Petitioner has the burden of proof. Rule 142(a). Petitioner's testimony was self-serving and wholly unconvincing. We are not required to accept testimony unquestioningly; we are entitled to take into account whether it is improbable, unreasonable, or doubtful. Lovell & Hart, Inc. v. Commissioner [72-1 USTC ╤ 9273], 456 F.2d 145, 148 (6th Cir. 1972), affg. [Dec. 30,453(M)] a Memorandum Opinion of this Court. In support of his contention that he advanced $100,000 to Limon in 1978, petitioner offered in evidence certain cashier's checks and bank documents. A cashier's check dated December 29, 1978, and drawn on the Frost National Bank in San Antonio, Texas, is made out to petitioner in the amount of $8,000. A second cashier's check, also dated December 29, 1978, and drawn on the Frost National Bank, is similarly made out to petitioner in the amount of $4,000. Both checks were negotiated by petitioner at Banpacihco in Mexico where petitioner had an account. A third purported cashier's check dated December 20, 1978, supposedly payable to petitioner in the amount of $27,284.50 is incomplete on its face in that it lacks the signature of any responsible bank official indicating that it was ever validly issued. Nor is there any indication that such check was ever negotiated. Another purported cashier's check payable to petitioner in the amount of $3,000 is similarly incomplete on its face and, again, there is evidence that it was never negotiated. Finally, the record shows that on December 27, 1978, petitioner closed a Swiss bank account and transferred the balance of approximately $21,377 to his bank account at Banpacihco. He also testified that he received a $12,000 loan from his former wife.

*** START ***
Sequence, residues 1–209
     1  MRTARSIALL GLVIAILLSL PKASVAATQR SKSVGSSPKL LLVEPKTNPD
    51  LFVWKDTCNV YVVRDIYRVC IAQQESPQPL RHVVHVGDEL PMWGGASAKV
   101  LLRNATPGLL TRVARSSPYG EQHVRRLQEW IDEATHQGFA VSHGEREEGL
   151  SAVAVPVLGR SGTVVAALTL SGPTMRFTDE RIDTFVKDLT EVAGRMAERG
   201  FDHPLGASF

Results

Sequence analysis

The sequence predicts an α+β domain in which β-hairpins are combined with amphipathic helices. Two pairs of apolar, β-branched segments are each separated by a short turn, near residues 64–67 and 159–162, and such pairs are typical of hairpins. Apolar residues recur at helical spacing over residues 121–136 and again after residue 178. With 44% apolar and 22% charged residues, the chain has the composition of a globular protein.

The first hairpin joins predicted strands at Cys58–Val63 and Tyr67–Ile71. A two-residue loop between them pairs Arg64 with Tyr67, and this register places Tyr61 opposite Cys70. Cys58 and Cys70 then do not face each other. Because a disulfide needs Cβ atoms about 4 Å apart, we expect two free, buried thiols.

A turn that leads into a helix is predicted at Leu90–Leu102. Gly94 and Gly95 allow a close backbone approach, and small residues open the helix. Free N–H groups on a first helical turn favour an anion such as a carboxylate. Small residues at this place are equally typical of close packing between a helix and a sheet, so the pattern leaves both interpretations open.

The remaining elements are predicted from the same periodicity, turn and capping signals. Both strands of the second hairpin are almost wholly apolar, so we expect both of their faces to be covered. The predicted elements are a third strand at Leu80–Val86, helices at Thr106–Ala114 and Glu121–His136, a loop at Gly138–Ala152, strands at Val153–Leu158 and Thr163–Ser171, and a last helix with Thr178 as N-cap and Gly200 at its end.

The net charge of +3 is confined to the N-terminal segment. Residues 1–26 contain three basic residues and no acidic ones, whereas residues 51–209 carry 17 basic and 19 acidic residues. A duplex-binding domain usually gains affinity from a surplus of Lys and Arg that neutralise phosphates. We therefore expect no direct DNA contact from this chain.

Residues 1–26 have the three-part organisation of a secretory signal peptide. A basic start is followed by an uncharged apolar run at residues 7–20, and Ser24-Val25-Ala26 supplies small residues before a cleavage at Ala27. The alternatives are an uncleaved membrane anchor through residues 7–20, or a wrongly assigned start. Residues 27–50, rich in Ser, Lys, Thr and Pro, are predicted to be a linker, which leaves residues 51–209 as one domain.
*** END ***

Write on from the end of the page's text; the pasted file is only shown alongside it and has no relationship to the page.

On this record, we find that only the two valid cashier's checks in the total amount of $12,000 and the transfer of funds in the amount of $21,377, for a total of some $33,000, represent funds actually deposited in petitioner's bank account at Banpacihco. As indicated, all of the checks offered in evidence by petitioner were made payable to his order. Petitioner negotiated all of the checks at the bank where he maintained his account. There the trail ends. There is no persuasive evidence in the record, documentary or otherwise, to establish that any portion of such funds, or any other funds available to petitioner, were ever used to invest in the Limon venture. Section 6001 provides that every person liable for any tax imposed by the Code should keep such records as the Secretary may from time to time prescribe. Petitioner presented no records whatever with respect to the purported venture. It is strange that no documentation was available to record the financial and operational aspects of a business operation of such magnitude that was supposably carried on over a period of some seven years.